The GeoJSON specification (RFC 7946) states that for polygons:

A linear ring MUST follow the right-hand rule with respect to the area it bounds, i.e., exterior rings are counterclockwise, and holes are clockwise.

However, this erratum published in July 2017, states:

It seems like the clockwise/counterclockwise descriptions are the opposite of the right-hand rule. Walking an exterior ring in a counterclockwise direction would have the exterior of the ring to the right of the observer.

This is a pretty significant issue, that does not appear to have been resolved (judging from the "reported" status of the erratum).

Is this correct? What exactly is the "right-hand rule" anyway?


3 Answers 3


There are TWO "right hand rules" (well, scores, if not hundreds, but the direction of magnetic force induced on a positive charge isn't relevant to this discussion).

One asserts that vertices be ordered in rings so that, if you walked the perimeter, with one hand within the figure, and one hand outside, that the right hand be inside: the exterior ring is clockwise. Shapefiles use this right hand rule (file and enterprise geodatabase use the left hand form of this rule natively, though the SDE API libraries allow for extraction in either order, and the File Geodatabase API uses the shapefile geometry specification for coordinate encoding).

The other rule asserts that if you place a balled fist on the plane of the geometry, and extend the thumb upward, away from the face, then the exterior rings will follow in the rotation of the unclasped fingers: the exterior ring is counter-clockwise. The KML specification uses this right hand rule (which would be considered left-hand if walking the perimeter).

It appears that the first reference to "right hand rule" by the GeoJSON spec refers to the thumb/finger-curl rule, and the erratum refers to the body-on-boundary method. I was only taught the body-on-boundary form, but I've met engineers who were only taught the hand-curl form.

The nice part of the first example is that it applies to interior rings ("holes") as well, without the need to assert that interior rings are wound in the opposite direction of exterior rings. For what it's worth, the GML specification is explicit that the winding order isn't required to be in either handedness, but does insist that interior be opposite of exterior, and that interior rings immediately follow their exterior ring.

The specification you cited states:

Note: the [GJ2008] specification did not discuss linear ring winding order. For backwards compatibility, parsers SHOULD NOT reject Polygons that do not follow the right-hand rule.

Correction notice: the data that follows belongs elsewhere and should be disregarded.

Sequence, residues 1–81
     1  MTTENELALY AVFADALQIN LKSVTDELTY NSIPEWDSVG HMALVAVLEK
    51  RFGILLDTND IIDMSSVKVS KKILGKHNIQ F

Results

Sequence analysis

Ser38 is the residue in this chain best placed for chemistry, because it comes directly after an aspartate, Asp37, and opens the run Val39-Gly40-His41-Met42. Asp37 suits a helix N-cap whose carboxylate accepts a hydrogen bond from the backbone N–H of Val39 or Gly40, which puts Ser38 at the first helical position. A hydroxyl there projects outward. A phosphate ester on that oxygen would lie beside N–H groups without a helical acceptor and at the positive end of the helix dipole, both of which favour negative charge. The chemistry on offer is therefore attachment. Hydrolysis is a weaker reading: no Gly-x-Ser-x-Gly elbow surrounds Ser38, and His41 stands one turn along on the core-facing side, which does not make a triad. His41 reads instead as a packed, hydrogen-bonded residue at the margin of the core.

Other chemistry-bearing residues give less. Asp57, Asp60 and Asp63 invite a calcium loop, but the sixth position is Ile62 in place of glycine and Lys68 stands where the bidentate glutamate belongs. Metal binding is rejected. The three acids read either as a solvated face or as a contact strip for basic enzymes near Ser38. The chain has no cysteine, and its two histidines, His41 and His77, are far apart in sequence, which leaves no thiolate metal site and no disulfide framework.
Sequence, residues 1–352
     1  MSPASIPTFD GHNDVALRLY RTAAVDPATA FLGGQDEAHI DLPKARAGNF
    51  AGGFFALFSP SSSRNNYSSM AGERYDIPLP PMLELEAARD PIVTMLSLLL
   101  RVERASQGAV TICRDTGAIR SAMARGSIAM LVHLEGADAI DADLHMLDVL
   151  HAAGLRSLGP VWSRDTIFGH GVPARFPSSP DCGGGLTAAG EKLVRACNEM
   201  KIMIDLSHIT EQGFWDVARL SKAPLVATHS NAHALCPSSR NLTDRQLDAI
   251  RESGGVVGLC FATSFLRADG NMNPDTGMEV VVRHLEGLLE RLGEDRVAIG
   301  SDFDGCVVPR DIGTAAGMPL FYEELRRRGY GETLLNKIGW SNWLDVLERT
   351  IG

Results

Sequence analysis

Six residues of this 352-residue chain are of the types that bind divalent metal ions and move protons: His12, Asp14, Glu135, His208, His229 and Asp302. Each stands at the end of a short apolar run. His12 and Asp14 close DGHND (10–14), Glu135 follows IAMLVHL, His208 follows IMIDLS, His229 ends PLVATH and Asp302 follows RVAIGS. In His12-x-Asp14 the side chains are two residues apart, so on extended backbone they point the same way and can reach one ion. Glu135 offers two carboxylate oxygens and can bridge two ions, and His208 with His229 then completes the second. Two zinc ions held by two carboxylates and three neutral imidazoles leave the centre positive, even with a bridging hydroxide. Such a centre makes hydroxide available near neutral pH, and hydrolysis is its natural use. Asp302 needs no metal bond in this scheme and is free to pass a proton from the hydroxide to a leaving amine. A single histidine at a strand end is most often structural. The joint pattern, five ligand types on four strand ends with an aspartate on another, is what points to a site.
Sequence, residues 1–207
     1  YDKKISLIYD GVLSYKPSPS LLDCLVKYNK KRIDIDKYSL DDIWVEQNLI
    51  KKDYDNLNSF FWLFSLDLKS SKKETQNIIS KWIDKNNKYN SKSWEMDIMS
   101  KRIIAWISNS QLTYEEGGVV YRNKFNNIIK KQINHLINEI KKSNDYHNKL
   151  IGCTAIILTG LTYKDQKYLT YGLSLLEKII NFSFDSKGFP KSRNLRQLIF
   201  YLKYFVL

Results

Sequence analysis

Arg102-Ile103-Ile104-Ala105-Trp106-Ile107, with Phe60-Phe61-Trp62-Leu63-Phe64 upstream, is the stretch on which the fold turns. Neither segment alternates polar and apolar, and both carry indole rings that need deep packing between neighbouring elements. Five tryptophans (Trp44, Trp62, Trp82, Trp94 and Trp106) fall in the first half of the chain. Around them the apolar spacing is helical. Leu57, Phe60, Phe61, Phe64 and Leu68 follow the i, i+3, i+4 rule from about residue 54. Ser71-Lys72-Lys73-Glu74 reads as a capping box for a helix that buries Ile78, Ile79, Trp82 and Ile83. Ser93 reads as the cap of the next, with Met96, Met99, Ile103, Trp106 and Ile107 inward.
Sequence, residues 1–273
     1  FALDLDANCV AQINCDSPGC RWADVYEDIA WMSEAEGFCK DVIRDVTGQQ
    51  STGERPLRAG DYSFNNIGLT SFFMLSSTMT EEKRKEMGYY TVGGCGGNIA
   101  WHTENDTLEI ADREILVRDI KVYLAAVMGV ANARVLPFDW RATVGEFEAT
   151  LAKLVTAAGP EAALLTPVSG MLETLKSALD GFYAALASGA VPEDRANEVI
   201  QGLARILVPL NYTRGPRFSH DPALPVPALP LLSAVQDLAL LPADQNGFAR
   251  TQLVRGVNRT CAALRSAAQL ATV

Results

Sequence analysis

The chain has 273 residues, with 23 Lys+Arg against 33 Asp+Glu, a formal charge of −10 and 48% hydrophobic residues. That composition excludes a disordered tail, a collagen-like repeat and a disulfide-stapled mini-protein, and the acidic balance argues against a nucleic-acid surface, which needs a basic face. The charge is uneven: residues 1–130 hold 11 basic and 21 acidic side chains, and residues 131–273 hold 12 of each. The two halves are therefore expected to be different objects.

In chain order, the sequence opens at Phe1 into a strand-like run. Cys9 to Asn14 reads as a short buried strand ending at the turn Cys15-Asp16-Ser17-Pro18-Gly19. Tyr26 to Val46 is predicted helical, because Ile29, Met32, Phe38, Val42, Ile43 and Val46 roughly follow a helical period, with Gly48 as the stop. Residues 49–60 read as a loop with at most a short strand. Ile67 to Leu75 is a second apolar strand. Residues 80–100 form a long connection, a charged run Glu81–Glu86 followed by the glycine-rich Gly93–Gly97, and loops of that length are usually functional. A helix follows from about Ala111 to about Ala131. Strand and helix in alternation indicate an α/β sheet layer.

so it's probably not worth getting worked up over. If you use the Shoelace Formula (or the Trapezoid Rule) on the vertices of a ring, the area will be of opposite sign for exterior and interior rings. So long as you place the interior ring vertices following the exterior ring to which they define an exclusion, most parsers should be able to handle your input.

One place where difficulty may occur is if the ring touches itself at a point. In some libraries, the enscribed shape may be encoded as a hole, but Esri's libraries consider this an "inversion" and handle it as described in this question.

  • Thanks. That's kind of crazy that the spec would casually refer to "THE right-hand rule", when the there exact two mutually contradictory definitions. (Personally I think it's important to know what the spec actually dictates, regardless of whether "most parsers" can deal with either version. Backward compatibility should be a temporary transition, not a permanent state of confusion...) Commented Jun 29, 2018 at 4:46
  • GeoJSON spec is also using terms counterclockwise and clockwise. I think it makes clear what the spec dictates.
    – user30184
    Commented Jun 29, 2018 at 5:09
  • Yes, thank you, I tweaked the answer to mention how the spec uses one, and the erratum the other.
    – Vince
    Commented Jun 29, 2018 at 12:24

No, the report is unverified and incorrect. The right hand rule in the spec is precisely what the GeoJSON Working Group intended. There may be errors in the spec, but this is not one. If Mr. Archer had checked the GeoJSON WG email list archive, he would have seen ample discussion of the issue. This report will not lead to any published erratum for RFC 7946.

  • Thanks. It sounds like including reference to "the right-hand rule" caused some confusing ambiguity, which fortunately the clearer statement of clockwise vs counterclickwise resolves. Commented Jul 1, 2018 at 12:57

The erratum was probably mistaken due to confusion over the fact that ESRI Shapefile and GeoJSON specify opposite winding order directions.

The shapefile spec:

The neighborhood to the right of an observer walking along the ring in vertex order is the neighborhood inside the polygon. Vertices of rings defining holes in polygons are in a counterclockwise direction. Vertices for a single, ringed polygon are, therefore, always in clockwise order.

The geojson spec says the opposite:

A linear ring MUST follow the right-hand rule with respect to the area it bounds, i.e., exterior rings are counterclockwise, and holes are clockwise.

(SEE https://github.com/mapbox/shp-write/pull/76)

  • Thank you. I wonder why the language is always so convoluted. Is there something that "Exterior rings are X-wise, interior holes are Y-wise" doesn't capture? Commented Apr 20, 2020 at 2:57
  • Agree- seems like that type of statement should suffice
    – Yarin
    Commented Apr 20, 2020 at 6:08

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